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Budapest

Budapest

Budapest is one of the ten most frequently visited European cities by tourists from all over the world. The Hungarian capital has a distinct identity and its cultural life is characterised by a beutiful diversity, based on many traditions.  Budapest is an accepting city - its natural beauty, architectural heritage, unique atmosphere, and rich cultural life are cherished treasures of Hungary.
The Széchenyi Chain Bridge (Hungarian: Széchenyi lánchíd) spans the River Danube between Buda and Pest, the Western and Eastern sides of Budapest. Designed by the English engineer William Tierney Clark and built by the Scottish engineer Adam Clark, this was the first permanent bridge, opened in 1849, across the Danube in Hungary.
The Buda Castle (Hungarian: Budavári Palota) has been the historical castle and palace complex of the Hungarian kings in Buda. It was first established in 1265, while the massive Baroque palace, occupying today most of the site, was built between 1749 and 1769. The Castle was destroyed repeatedly in many wars, and then rebuilt in various forms, most recently in the 1970s.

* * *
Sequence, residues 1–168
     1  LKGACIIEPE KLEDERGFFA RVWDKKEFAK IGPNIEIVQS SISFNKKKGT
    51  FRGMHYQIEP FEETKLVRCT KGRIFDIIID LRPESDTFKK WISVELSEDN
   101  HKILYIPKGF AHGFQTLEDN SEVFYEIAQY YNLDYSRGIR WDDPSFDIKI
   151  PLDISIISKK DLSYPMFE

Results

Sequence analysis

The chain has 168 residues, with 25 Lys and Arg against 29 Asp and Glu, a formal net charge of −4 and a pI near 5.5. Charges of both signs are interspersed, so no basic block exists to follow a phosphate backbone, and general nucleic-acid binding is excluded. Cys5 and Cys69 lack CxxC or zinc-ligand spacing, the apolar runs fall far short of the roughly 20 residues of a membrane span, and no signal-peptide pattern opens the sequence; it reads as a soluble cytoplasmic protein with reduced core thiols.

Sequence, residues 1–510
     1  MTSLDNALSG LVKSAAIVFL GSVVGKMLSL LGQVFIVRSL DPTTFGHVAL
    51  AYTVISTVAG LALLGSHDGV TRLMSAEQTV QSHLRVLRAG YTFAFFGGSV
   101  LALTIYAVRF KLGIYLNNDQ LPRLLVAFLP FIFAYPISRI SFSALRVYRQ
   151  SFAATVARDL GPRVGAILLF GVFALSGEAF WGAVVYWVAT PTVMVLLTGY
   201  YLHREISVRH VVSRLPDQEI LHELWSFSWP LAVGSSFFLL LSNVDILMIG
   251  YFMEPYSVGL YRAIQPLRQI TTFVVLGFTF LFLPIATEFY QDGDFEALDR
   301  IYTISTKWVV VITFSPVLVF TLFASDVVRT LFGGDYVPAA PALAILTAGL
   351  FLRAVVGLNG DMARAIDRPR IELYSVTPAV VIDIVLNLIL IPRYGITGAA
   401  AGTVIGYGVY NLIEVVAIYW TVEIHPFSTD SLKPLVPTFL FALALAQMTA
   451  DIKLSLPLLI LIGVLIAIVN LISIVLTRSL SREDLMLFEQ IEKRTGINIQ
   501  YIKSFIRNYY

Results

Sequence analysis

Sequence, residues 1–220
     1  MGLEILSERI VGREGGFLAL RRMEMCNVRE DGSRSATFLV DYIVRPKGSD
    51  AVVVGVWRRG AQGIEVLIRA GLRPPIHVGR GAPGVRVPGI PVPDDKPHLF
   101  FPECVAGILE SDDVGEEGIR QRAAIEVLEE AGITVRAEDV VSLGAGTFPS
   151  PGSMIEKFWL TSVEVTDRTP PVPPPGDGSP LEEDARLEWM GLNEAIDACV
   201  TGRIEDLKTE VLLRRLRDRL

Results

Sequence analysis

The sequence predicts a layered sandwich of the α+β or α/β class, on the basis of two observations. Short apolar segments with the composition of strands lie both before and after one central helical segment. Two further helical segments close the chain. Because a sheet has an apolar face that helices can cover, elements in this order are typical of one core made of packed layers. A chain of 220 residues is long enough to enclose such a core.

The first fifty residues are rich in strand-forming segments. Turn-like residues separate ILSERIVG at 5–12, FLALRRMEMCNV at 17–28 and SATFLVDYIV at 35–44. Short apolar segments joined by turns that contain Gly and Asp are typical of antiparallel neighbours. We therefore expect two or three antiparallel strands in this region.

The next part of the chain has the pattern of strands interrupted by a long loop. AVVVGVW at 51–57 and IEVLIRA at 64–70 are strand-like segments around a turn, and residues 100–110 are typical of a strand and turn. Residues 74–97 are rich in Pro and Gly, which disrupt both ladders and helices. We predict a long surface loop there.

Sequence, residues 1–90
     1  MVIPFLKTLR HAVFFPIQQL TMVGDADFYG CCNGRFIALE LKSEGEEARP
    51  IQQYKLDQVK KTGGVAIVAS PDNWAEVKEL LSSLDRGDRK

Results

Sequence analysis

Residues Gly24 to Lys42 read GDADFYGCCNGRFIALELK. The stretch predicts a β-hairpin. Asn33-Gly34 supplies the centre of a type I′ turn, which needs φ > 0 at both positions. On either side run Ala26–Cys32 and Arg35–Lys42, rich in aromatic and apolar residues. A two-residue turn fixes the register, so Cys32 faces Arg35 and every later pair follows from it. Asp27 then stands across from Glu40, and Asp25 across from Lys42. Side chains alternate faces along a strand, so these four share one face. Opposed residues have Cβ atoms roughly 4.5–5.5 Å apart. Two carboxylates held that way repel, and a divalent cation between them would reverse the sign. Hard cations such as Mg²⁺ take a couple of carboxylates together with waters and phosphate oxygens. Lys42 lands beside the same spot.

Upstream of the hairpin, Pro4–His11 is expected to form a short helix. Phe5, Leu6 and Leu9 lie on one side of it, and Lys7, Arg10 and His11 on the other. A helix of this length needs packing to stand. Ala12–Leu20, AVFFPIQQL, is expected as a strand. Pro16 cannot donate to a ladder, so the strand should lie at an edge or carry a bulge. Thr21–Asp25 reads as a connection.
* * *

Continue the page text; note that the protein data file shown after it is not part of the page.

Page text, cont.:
The Hungarian Parliament Building (Országház) is the seat of the National Assembly of Hungary, a notable landmark of Hungary and a popular tourist destination in Budapest. The huge neogothic building is located in Lajos Kossuth Square, on the bank of the Danube. It is currently the largest building in Hungary and still the tallest building in Budapest.
Heroes' Square (Hősök tere) is one of the major squares in Budapest, noted for its iconic statue complex featuring the Seven Chieftains of the Magyars, other important national leaders, as well as the Tomb of the Unknown Soldier. The square lies at the outbound end of Andrássy Avenue next to City Park (Városliget) and is bordered by the Museum of Fine Arts and the Műcsarnok. The grandious square has played an important part in contemporary Hungarian history and has been a host to many major political events, such as the reburial of Imre Nagy in 1989.

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